In motherhood, it can feel protective and responsible to try to predict the future to make sure you keep your kids safe, but we often take this too far, trying to come up with every possible worst-case scenario that paralyzes us instead of empowers us.

Yes, do your due diligence. Make educated, wise decisions. But don’t let your brain run wild with the terrible “what-ifs” that it will do unmanaged.

Instead, use self confidence as a practice to focus on what you can control, which is you.

For example, if you’re making a decision about what school to send your kids to, you can’t control all the outcomes, but you can use self confidence to say that no matter what happens in the future, you’ll be able to handle it. This is self confidence. It’s “I don’t know what’s going to happen, but I know I’ll show up and make the decisions I need to as a mom. I got this.”

CLICK HERE to download the podcast directory (and get the best mindset podcast episodes to listen to.)

Believe in yourself and in your kids.

Practice believing in yourself and your kids at the highest level. If they see you model this for yourself, they’ll be more likely to believe it for themselves.

This isn’t using your past to determine what you feel confident about, but instead is using your mind to cultivate a supportive, certain mindset in your future.

For example, let’s say your child is struggling with making friends at school. Having confidence in your child is “I know my daughter is going to figure this out, and I’m here for her to support her along the way.” It’s not worrying or being needy or weird or creepy or any of that. It’s just loving her and believing in her to navigate the challenge.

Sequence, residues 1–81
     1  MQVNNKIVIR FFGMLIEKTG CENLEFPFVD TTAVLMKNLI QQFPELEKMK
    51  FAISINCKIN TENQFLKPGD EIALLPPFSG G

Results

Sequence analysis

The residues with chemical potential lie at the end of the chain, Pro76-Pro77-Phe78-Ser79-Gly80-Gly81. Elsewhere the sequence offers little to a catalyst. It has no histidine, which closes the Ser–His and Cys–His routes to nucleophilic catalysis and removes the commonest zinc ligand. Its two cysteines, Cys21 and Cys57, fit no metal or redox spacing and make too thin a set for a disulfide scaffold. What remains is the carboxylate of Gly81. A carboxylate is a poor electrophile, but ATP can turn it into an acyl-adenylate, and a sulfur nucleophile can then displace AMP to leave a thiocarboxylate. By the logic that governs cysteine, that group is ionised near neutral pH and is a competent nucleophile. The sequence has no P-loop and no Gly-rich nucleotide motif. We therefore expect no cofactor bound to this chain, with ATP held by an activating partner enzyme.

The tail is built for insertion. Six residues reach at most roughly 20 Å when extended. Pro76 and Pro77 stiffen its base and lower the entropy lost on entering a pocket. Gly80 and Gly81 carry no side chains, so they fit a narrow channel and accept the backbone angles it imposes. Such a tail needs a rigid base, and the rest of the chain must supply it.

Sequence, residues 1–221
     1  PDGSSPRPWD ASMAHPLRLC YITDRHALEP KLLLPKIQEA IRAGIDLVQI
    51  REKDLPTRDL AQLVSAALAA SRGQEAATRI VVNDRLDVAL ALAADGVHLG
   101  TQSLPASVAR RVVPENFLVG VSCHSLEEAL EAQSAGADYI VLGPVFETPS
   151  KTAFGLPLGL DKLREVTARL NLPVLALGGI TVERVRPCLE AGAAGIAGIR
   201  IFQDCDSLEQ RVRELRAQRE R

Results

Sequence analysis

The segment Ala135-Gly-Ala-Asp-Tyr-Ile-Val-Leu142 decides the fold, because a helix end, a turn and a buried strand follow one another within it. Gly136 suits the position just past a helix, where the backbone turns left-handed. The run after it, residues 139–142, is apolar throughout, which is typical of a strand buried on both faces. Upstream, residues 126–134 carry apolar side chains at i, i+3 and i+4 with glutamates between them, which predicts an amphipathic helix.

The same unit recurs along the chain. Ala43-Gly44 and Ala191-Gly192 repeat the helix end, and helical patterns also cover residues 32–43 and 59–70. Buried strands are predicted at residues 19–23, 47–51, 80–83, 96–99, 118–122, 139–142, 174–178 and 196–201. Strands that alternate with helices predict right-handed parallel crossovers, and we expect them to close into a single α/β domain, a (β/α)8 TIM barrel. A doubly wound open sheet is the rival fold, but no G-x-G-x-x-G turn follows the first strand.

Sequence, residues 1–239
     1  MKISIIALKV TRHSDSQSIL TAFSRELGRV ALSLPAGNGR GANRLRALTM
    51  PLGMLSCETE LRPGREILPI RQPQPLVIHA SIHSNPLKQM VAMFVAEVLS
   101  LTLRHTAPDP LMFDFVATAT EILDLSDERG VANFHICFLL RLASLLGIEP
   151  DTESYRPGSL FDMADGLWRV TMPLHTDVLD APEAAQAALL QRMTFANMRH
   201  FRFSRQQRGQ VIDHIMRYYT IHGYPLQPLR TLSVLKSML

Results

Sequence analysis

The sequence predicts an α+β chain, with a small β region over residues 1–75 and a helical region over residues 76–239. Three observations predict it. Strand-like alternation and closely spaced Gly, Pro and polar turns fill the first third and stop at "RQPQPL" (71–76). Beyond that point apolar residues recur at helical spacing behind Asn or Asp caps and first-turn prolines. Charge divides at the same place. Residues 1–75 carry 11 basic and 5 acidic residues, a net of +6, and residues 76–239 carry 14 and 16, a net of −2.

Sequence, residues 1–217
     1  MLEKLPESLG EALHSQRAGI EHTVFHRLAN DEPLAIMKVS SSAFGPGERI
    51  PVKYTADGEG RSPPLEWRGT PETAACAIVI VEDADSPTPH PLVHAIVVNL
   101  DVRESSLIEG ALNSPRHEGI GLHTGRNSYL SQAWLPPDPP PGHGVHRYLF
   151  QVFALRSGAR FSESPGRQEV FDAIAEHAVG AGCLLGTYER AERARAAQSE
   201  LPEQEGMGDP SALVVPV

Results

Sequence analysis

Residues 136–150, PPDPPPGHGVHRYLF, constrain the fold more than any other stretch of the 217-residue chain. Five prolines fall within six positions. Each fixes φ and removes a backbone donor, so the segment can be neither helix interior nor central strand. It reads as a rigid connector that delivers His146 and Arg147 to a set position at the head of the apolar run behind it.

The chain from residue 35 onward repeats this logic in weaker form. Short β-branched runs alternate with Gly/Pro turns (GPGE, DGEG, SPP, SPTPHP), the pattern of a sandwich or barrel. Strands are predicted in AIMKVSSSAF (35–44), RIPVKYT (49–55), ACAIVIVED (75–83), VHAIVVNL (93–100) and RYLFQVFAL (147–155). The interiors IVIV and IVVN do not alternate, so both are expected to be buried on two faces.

The same is true for you. If you’re transitioning back to work, you have a daughter in kindergarten, and a son started daycare, self confidence says, “I don’t know exactly how this transition is going to go, but I know I’ll figure it out. I got this.”

Resources:

  • How To Empower Yourself (podcast)
  • How To Cope With Negative Thoughts As A Mom (free class)

A Final Note

Confidence is a feeling you create by your mindset. If you think thoughts that produce self confidence, you don’t need to control the world. Instead, you become someone who is in control of themselves. And that is true confidence. You’ll show up as a better woman, partner, and mom with self confidence.